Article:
General Guideline Principles for General Principles
of Treatment of Complex Regional Pain Syndrome
for workers compensation patients

The New York State workers compensation board has developed these guidelines to help physicians, podiatrists, and other healthcare professionals provide appropriate treatment for General Principles of Treatment of Complex Regional Pain Syndrome.

These Workers Compensation Board guidelines are intended to assist healthcare professionals in making decisions regarding the appropriate level of care for their patients with ankle and foot disorders.

The guidelines are not a substitute for clinical judgement or professional experience. The ultimate decision regarding care must be made by the patient in consultation with his or her healthcare provider.

General Principles of Treatment of Complex Regional Pain Syndrome

The main idea is that CRPS nearly invariably results from an interplay between some degree(s) of physical pathologies (current or past), pain beliefs, anguish responses, genetics, previous or concurrent psychiatric difficulties, socioenvironmental variables, and work-site challenges.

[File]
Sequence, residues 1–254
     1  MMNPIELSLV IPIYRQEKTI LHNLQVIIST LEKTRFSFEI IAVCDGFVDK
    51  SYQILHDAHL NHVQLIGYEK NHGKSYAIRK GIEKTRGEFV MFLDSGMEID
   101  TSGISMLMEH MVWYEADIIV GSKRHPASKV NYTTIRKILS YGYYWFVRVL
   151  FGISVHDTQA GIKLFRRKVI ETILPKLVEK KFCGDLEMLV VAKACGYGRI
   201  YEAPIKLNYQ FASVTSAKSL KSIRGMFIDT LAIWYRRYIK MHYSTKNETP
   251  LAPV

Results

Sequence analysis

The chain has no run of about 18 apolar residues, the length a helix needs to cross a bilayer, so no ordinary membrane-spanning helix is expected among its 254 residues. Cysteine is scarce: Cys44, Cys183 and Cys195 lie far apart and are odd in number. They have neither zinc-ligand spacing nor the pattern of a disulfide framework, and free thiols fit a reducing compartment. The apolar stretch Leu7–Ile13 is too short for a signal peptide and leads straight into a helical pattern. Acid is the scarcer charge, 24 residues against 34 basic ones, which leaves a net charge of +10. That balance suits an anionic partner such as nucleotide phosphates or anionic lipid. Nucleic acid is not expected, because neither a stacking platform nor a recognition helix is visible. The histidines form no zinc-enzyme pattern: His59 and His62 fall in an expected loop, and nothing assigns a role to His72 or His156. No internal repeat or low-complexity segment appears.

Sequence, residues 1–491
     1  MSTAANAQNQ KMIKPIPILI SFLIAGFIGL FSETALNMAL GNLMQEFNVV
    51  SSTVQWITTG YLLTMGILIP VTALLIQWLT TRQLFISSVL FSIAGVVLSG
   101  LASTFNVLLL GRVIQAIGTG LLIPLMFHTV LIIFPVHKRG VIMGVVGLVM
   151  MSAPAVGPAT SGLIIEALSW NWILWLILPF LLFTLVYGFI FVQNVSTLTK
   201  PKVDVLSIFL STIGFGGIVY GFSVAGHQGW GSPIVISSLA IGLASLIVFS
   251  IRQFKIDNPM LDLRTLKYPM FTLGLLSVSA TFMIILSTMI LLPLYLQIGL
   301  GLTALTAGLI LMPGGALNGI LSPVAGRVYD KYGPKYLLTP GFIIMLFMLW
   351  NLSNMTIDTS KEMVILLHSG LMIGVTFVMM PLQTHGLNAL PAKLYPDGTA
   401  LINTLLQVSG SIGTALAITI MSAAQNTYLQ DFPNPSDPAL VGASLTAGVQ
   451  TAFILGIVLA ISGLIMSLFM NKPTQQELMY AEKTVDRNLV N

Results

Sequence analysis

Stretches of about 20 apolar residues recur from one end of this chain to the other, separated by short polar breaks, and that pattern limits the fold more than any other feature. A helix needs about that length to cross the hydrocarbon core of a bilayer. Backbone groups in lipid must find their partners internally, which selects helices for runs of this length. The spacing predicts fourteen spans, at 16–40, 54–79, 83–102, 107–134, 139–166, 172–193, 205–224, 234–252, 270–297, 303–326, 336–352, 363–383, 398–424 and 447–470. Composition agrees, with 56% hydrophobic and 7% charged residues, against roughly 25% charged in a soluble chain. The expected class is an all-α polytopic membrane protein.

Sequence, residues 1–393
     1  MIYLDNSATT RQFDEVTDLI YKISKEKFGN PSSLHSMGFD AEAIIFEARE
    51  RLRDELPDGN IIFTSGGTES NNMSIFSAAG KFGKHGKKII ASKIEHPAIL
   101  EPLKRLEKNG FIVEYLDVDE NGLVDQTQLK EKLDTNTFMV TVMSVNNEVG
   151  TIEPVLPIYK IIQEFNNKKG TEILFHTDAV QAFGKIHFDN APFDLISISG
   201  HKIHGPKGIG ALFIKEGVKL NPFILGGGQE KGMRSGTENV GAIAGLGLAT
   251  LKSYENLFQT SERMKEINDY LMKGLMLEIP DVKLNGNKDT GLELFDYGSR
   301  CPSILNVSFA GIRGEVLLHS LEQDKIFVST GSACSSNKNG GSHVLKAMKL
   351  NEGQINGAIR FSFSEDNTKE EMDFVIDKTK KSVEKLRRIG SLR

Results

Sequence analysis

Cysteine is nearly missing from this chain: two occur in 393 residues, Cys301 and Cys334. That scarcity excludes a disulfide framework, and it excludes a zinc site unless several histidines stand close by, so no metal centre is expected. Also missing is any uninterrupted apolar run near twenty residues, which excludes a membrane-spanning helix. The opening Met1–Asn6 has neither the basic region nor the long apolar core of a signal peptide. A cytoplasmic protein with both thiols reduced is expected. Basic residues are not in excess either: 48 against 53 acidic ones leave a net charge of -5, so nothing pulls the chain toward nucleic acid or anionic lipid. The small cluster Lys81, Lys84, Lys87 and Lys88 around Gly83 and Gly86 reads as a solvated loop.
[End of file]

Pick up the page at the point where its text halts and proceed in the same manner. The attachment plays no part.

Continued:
In most cases, it is improper and insufficient to treat patients by concentrating on one of these to an exclusion of others. Supporting those activities and therapies that would enhance overall function while keeping realistic about deadlines and broad variances in achieving a functional recovery are key components of managing people with CRPS chronic pain.

To manage the pain and reduce dysfunction, it is critical to describe the pertinent anatomy and potential pain origins (or lack thereof). pharmaceuticals and interventional procedures that are less effective than those with probabilities If there are no evidence-based treatments that show efficacy, their usage should be thoroughly questioned.